Wednesday, 25 April 2012
Tuesday, 24 April 2012
As with all truly memorable coming-of-age tales, the ups and downs, loves, losses and life lessons learnt may play out during a specific period, in this case drawn from the director's own memories of the period, but the themes and consequences are universal. Do You Remember Dolly Bell? also stands as a fictional document of life in the former Yugoslavia before the horrors of The Balkan Wars would forever change the physical and emotional landscapes of its inhabitants.
Monday, 23 April 2012
Sunday, 15 April 2012
Given the amount of current press coverage devoted to the ‘combat stress’-related criminality of today’s young ex-service personnel, it’s perhaps surprising that we haven’t seen more British movies basing their plots on this premise in recent years. It was a different story in the wake of World War Two.
From Brighton Rock (John Boulting 1947) through to, for the sake of argument, Robbery (Peter Yates 1967), the crime film in British post-war cinema took a mazy path around the dark back streets of a country coming to terms with itself in the wake of the hostilities. The Boulting Brothers’ fine adaptation of Graham Greene’s seaside-set novel was perhaps the first of the so-called ‘Spiv Cycle’ which loosely groups other well-known films such as The Third Man (Carol Reed 1949), Night and the City (Jules Dassin 1950) and The Blue Lamp (Basil Dearden 1950) with a smattering of lesser-known movies.
The Spiv Cycle was itself a strand of ‘Brit Noir’ although the bad guys in these films tend to owe a greater debt to the characters of the 1930s US gangster films rather than those found in true American film noir. The tone and nature of these films was derived from the context of the ongoing deprivations of the 1940s and typically they positioned their villains as exploitative black market racketeers or petty criminals, unpatriotically feeding off the conflict-battered and austerity-fatigued population, the insinuation being that these individuals hadn’t done their bit for the war effort.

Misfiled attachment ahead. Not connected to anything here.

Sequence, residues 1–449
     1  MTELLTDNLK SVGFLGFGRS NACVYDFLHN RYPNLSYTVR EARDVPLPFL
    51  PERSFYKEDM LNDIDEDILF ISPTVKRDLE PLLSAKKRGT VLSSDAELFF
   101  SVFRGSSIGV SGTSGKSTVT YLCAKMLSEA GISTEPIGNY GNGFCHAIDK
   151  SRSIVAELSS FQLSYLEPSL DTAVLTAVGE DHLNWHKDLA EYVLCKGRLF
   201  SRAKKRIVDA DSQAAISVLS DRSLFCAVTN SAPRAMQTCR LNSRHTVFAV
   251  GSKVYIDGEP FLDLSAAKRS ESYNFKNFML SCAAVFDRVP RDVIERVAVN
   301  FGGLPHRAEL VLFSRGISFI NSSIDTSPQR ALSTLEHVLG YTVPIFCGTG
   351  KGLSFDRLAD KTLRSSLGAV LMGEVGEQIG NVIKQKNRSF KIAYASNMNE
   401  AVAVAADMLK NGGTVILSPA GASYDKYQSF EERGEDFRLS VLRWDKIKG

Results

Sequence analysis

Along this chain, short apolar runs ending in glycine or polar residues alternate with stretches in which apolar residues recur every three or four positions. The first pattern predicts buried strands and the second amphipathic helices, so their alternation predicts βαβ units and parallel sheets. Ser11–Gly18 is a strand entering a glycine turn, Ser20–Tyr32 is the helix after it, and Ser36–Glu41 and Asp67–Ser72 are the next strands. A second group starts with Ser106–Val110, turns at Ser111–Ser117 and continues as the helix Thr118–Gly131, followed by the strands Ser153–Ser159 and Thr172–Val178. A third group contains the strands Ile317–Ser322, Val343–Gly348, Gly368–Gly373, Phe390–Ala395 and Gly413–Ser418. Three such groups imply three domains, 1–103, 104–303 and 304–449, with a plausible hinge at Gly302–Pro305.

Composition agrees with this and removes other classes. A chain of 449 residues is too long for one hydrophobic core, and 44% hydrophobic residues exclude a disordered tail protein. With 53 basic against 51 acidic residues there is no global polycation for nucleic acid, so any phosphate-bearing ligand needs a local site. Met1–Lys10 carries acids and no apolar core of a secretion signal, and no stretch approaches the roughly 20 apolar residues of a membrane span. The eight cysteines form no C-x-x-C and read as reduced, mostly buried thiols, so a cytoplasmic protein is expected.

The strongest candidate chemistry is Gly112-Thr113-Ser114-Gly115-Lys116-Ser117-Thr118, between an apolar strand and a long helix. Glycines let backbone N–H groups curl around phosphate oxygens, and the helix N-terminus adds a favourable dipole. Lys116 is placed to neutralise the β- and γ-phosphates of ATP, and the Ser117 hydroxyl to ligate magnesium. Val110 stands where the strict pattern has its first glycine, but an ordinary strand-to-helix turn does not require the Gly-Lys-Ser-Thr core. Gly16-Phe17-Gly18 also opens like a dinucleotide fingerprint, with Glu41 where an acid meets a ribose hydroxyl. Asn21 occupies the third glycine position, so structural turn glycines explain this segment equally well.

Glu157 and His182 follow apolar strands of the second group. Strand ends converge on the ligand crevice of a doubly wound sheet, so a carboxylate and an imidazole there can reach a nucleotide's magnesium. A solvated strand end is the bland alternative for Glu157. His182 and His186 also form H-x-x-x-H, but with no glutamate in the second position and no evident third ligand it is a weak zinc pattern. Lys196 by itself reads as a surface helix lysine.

Another early Spiv drama, Cavalcanti’s They Made Me A Fugitive (1947) was arguably the first British film to deal specifically with the concept of the disillusioned ex-serviceman turning to a life of crime. This marks quite a significant shift; miscreants like these are seen to have emerged honourably from wartime military service only to find themselves amid a national malaise of domestic breakdown and criminality. A string of films followed depicting disaffected veterans resorting to malfeasance in order to makes ends meet; some early examples to look out for include Dancing with Crime (John Paddy Carstairs 1947), Noose (Edmond T. Gréville 1948) and The Flamingo Affair (Horace Shepherd 1948).
By the mid 1950s it was not unusual to find films involving former bands of brothers reformed as well-organised criminal gangs. The Good Die Young (Lewis Gilbert 1954), The Ship that Died of Shame (Basil Dearden 1955) and The League of Gentlemen (Basil Dearden 1960) stand out from this period. At the tail end of the cycle, before the combined effect of the swinging sixties and the all-too-real celebrity status of the Kray twins and their ilk pushed this paradigm out of the cultural picture, a handful of downbeat, low-budget heist/caper films were put out that share many look-and-feel ingredients.